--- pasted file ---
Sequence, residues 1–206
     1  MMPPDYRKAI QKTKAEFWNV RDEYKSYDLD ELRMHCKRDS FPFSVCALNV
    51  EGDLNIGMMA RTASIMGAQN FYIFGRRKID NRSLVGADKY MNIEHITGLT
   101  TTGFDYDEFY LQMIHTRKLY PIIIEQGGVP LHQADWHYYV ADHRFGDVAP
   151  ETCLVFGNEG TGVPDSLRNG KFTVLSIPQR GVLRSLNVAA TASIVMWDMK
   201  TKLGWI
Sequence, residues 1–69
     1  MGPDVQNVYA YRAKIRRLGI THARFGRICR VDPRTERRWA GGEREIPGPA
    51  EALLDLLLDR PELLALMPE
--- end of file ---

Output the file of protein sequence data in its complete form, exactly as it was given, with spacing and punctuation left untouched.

Sequence, residues 1–206
     1  MMPPDYRKAI QKTKAEFWNV RDEYKSYDLD ELRMHCKRDS FPFSVCALNV
    51  EGDLNIGMMA RTASIMGAQN FYIFGRRKID NRSLVGADKY MNIEHITGLT
   101  TTGFDYDEFY LQMIHTRKLY PIIIEQGGVP LHQADWHYYV ADHRFGDVAP
   151  ETCLVFGNEG TGVPDSLRNG KFTVLSIPQR GVLRSLNVAA TASIVMWDMK
   201  TKLGWI
Sequence, residues 1–69
     1  MGPDVQNVYA YRAKIRRLGI THARFGRICR VDPRTERRWA GGEREIPGPA
    51  EALLDLLLDR PELLALMPE